Sunday, December 12, 2010

Stuff you may not know...

Post 588 - Chief Executive magazine's CEO Confidence Index, the nation's leading monthly CEO Confidence Index, increased 14.7 points (14.4 percent), rising to 102.1 following the results of the November elections. All five components of the index showed double-digit gains in November.

Check my math - A clunker that travels 12,000 miles a year at 15 mpg uses 800 gallons of gas a year. A vehicle that travels 12,000 miles a year at 25 mpg uses 480 gallons a year. So, the average Cash for Clunkers transaction will reduce US gasoline consumption by 320 gallons per year. The government claims 700,000 vehicles were taken off the road, so that's 224 million gallons saved per year. That equates to a bit over five million barrels of oil. Five million barrels is about five hours worth of US consumption. More importantly, five million barrels of oil at $70 per barrel costs about $350 million dollars. So, we paid $3 billion of our tax dollars to save $350 million. Bottom line, we spent $8.57 for every dollar we saved. I’m hoping the government will do a better job with our health care, though.

In 2007, researchers at the University of California at Berkeley tried to estimate just how much information had been produced in the previous year. Their answer was five exabytes, equivalent to almost 40 times the contents of the Library of Congress.

An associate and friend of Thomas Edison, Edward Johnson, is recognized as the first person to put electrified lights on a real Christmas tree. It happened in 1882, just three years after the incandescent light bulb was invented. Johnson was an executive of the Edison Illumination Company of New York City. Christmas trees before 1882 were displayed in homes with lighted candles - many tragic fires resulted from this custom. Edward Johnson hand-wired 80 red, white and blue hand-blown bulbs and strung them around a rotating evergreen tree. To quote Johnson from a letter sent to New York newspapers, "Electric trees will prove to be far less dangerous than the wax candle parlor trees." In fact, those first bulbs became very hot and were nearly as dangerous as the candles they were replacing. Still out of range for most American families to purchase, Edison's Christmas tree lights did not immediately catch on. It would take decades for affordable lighting to become available to most Americans.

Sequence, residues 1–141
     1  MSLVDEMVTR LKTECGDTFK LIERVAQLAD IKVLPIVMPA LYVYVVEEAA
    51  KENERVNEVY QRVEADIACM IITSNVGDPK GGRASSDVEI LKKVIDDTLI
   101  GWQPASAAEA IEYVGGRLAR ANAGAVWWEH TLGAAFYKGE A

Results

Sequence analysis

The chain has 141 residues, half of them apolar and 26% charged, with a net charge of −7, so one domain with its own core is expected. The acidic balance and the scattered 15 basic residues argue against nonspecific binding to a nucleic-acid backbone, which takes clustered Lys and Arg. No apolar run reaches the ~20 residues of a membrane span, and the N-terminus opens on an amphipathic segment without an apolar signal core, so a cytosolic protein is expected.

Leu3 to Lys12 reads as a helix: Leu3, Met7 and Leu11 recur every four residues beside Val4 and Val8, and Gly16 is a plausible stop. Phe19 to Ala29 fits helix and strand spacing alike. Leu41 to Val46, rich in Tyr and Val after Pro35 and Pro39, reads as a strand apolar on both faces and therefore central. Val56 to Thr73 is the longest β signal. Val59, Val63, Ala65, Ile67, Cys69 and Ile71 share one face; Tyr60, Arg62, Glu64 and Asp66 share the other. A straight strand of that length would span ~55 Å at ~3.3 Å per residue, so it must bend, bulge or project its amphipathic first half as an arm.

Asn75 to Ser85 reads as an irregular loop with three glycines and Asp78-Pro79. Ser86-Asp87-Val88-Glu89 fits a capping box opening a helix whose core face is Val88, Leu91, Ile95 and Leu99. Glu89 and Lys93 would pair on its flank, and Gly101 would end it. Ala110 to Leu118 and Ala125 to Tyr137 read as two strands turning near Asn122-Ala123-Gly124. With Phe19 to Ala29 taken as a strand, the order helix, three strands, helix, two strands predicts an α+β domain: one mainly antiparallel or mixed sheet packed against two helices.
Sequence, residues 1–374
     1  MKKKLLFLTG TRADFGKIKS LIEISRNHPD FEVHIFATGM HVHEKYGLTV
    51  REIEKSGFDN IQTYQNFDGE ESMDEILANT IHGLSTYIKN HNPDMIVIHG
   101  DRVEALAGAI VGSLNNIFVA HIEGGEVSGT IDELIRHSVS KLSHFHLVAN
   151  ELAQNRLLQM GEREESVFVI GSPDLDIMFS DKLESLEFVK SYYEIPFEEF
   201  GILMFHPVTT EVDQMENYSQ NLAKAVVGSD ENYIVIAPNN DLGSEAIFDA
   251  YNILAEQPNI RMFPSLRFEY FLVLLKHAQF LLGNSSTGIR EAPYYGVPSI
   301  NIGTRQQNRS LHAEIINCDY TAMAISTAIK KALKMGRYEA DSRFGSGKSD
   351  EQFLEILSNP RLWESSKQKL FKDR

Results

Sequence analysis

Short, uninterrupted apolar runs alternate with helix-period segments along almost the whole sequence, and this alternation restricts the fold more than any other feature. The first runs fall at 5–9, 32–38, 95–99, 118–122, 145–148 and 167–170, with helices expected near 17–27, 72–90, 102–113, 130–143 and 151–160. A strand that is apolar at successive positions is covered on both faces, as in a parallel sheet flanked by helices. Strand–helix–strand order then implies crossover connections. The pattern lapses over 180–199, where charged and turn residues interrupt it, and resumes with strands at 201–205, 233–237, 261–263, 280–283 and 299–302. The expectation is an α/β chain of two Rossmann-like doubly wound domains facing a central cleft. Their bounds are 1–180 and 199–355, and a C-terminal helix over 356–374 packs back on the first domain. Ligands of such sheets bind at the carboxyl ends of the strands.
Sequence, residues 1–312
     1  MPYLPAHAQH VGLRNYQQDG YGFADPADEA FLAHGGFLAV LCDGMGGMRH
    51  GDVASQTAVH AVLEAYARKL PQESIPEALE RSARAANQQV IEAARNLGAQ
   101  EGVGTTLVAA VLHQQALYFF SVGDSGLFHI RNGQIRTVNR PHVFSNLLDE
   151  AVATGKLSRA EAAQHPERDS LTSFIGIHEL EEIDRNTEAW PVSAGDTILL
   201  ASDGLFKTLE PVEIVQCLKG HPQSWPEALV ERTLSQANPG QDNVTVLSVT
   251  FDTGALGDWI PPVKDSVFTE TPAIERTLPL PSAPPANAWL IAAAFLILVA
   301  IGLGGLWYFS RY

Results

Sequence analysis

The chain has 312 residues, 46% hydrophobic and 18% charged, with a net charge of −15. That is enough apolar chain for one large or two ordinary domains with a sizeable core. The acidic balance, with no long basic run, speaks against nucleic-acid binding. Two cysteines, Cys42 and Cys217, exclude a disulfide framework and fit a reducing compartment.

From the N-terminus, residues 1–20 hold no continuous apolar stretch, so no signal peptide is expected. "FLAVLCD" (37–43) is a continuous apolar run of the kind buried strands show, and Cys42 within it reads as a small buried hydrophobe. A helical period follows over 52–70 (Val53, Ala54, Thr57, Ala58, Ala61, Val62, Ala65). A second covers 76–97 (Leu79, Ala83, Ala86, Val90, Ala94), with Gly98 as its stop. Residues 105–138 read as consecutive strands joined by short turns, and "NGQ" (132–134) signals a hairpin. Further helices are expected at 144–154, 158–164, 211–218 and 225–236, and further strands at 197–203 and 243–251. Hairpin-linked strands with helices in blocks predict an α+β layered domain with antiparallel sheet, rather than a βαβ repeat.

In 1917, a 15-year-old boy named Albert Sadacca had a "light bulb" experience. Sadacca's family owned a novelty store selling electrified wicker bird cages with lighted imitation birds. Sadacca suggested to his parents that they begin making electric lights for Christmas trees. After a slow first year, the New York City novelty store grew into NOMA Electric Company and quickly became the largest Christmas lighting company in the world.
According to the National Electrical Contractors Association, the bladed wall plug that we use today was actually a development of a device that was originally used to facilitate the interconnection of strings of Christmas lights.

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